Failure is part of the DNA of our athletes
Athletics Association of Malawi (AAM) Coach, John Mwathiwa, should keep quiet instead of giving lame excuses after two athletes, who represented Malawi at the African Cross Country Championship in Chlef Algeria, came back in shame.
Mwathiwa was entrusted with responsibility of coaching Kefas Kasten and Cecilia Mhango at the continental event but they both failed to leave an indelible mark.
Experienced runner Kasten clocked 31:36 to finish on position 11 out of 56 contestants while Cecilia clocked 42:32 to finish on position 25 out of 48 competitors in the ladies’ category.
Upon return from Algeria, Mwathiwa had the audacity to tell the nation that his athletes failed to impress because the route was slippery due to heavy rains.
“They could have performed better had it been for the condition of the route. The terrain was also very rough,” Mwathiwa told our sister paper The Daily Times.
What he did not tell the nation was whether athletes from Kenya, Uganda, Eritrea and Ethiopia, who dominated the competition, were running on dry ground.
Such excuses become extremely annoying especially to some of us who love sports considering the investment that is made in an athlete to prepare in an athlete to prepare and travel to such competitions.
It doesn’t require rocket science to know that any athlete should prepare to run in a hostile environment and should have proper equipment for that.
But because Malawian athletes and their officials blindly to travel competitions instead of sourcing intelligence information, they always face problems and come back with a litany of lame excuses to justify their failure.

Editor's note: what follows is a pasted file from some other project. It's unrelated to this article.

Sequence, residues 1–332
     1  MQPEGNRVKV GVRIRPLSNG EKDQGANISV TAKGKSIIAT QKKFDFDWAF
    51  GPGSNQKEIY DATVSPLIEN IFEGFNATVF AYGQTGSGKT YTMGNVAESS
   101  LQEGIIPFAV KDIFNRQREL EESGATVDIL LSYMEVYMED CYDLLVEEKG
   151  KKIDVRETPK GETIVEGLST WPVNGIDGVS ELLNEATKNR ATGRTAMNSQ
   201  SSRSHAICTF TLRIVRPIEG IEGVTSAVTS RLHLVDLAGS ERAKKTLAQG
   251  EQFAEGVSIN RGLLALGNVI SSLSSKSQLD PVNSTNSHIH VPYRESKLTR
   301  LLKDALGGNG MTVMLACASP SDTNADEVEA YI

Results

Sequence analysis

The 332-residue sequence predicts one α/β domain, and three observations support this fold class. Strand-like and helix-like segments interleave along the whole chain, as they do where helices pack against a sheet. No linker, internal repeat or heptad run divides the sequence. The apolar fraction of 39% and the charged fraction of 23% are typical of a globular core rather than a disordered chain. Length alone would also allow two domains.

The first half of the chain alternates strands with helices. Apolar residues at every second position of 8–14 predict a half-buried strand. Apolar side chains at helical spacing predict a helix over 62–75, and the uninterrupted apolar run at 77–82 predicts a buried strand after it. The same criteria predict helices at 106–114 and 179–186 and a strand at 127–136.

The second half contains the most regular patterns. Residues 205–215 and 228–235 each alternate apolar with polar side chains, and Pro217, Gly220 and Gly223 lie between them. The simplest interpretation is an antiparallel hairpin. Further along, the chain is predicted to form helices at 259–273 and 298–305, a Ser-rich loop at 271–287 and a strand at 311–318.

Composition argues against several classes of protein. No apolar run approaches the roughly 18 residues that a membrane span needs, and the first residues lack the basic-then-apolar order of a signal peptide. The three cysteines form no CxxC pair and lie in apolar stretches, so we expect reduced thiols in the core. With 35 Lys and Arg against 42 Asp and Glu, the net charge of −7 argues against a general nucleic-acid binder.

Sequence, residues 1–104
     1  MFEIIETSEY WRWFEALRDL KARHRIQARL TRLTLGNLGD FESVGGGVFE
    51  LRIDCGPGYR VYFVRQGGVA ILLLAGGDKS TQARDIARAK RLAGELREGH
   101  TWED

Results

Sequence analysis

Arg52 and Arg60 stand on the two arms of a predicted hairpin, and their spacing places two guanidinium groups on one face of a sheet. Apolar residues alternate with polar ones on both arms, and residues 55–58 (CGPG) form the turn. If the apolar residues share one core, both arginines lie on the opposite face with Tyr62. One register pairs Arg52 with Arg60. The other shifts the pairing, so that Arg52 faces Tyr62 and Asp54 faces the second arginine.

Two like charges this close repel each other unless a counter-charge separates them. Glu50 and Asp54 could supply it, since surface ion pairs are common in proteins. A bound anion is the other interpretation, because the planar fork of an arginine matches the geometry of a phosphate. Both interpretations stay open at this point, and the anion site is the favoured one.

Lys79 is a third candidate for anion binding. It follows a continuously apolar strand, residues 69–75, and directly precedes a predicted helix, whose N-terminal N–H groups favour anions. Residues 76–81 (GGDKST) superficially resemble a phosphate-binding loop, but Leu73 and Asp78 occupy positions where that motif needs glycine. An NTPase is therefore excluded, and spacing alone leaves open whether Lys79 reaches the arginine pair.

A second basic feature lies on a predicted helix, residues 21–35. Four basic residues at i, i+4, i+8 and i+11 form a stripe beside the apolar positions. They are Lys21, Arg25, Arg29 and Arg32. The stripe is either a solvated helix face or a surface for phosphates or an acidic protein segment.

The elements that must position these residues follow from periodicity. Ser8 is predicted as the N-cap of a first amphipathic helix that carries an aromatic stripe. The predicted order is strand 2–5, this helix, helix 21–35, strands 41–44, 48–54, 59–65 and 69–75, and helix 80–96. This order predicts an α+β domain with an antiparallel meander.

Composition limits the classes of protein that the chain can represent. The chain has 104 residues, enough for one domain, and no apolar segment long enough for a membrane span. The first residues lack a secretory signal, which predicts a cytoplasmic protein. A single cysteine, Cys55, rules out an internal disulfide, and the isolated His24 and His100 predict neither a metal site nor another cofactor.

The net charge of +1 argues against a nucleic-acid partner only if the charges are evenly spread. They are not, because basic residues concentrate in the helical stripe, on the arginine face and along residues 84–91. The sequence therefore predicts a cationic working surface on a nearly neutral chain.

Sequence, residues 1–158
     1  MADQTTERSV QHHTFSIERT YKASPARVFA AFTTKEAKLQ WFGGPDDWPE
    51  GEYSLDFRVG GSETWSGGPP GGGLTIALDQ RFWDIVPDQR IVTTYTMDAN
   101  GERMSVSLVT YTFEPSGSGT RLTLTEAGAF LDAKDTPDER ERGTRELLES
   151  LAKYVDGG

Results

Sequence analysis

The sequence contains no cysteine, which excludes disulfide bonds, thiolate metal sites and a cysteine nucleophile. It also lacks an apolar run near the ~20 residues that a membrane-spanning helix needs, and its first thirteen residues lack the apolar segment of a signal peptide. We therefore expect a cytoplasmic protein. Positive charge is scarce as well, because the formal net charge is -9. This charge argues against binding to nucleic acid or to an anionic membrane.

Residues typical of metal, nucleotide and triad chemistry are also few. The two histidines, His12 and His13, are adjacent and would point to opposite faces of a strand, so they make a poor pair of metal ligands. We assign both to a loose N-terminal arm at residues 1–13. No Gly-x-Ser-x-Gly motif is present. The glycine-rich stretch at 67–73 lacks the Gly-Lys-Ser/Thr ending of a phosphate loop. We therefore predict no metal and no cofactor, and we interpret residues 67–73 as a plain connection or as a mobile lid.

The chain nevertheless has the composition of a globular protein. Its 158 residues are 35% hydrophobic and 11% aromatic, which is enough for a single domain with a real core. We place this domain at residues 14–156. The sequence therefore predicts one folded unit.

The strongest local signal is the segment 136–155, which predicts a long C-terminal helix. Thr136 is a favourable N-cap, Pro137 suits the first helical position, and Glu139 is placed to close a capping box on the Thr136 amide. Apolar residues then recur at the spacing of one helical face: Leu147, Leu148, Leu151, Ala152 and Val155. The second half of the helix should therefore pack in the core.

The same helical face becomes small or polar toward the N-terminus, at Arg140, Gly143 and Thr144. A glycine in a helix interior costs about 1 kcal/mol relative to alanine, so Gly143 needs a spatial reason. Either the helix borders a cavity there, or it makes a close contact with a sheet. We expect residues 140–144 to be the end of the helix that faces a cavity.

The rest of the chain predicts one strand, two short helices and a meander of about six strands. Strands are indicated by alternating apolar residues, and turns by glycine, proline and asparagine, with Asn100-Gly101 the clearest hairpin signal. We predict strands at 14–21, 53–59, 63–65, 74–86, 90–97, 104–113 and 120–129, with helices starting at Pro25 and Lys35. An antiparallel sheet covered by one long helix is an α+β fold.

Mwathiwa should admit that in Algeria, men were separated from boys and it is unheard of for him to imagine that our athletes, who are not properly trained, could have done better.
It is sheer fantasy for AAM to think that one day they will wake up from deep slumber and find proper athletes who will be able to win medals at such a big stage. AAM is full of people who are not acquainted with the art of developing talent.
Developing an athlete is a process and it takes not less than 10 years. That is why it took Malawi long to produce athletes such as George Mambosasa and Matthews Kambale.
But with the mediocrity that has characterised AAM to achieve that feat is a pipe-dream. Whether you agree with me or not but that is the reality of the sport.
We can no longer afford to live with the emotional scars you are inflicting on us every time you travel to compete.
There is no harm to conclude that failure has become part of the DNA of this organisation.
May be, this inert AAM doesn’t know that what will cheer our spirits even more is seeing one of our athletes winning gold at a big state.
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